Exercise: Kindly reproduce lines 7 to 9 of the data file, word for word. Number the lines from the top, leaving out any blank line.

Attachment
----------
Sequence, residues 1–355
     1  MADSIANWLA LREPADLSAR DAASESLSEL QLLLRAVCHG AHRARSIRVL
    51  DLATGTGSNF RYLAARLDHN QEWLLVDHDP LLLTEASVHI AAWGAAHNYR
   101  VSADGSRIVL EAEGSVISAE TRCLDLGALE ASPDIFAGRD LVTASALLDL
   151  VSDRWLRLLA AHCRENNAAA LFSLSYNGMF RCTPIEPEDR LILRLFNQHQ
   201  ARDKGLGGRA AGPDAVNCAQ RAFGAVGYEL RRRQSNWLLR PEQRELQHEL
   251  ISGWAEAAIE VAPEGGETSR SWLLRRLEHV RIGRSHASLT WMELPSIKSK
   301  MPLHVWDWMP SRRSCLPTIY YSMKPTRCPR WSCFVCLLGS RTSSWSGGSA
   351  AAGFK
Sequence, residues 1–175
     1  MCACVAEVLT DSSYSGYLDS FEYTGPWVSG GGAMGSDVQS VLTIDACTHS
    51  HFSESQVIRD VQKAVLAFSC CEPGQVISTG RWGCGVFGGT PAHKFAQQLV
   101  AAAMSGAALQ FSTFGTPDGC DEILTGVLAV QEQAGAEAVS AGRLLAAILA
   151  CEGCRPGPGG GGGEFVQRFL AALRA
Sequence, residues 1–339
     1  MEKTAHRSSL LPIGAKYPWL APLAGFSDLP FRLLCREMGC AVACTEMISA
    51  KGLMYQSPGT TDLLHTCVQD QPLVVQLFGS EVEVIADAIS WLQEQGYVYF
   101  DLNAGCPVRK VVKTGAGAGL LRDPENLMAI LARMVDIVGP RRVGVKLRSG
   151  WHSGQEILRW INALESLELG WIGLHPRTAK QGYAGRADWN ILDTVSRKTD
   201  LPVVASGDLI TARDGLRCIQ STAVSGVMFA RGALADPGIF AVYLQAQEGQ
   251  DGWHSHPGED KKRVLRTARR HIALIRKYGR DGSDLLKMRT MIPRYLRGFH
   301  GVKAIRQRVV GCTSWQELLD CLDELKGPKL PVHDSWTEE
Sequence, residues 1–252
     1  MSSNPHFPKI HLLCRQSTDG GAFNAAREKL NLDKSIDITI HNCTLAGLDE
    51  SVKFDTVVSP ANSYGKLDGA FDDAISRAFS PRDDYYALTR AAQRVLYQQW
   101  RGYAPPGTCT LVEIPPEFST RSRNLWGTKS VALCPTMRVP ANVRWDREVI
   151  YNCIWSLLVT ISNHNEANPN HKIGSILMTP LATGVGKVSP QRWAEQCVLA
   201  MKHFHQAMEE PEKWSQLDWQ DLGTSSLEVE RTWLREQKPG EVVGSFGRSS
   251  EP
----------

   251  ISGWAEAAIE VAPEGGETSR SWLLRRLEHV RIGRSHASLT WMELPSIKSK
   301  MPLHVWDWMP SRRSCLPTIY YSMKPTRCPR WSCFVCLLGS RTSSWSGGSA
   351  AAGFK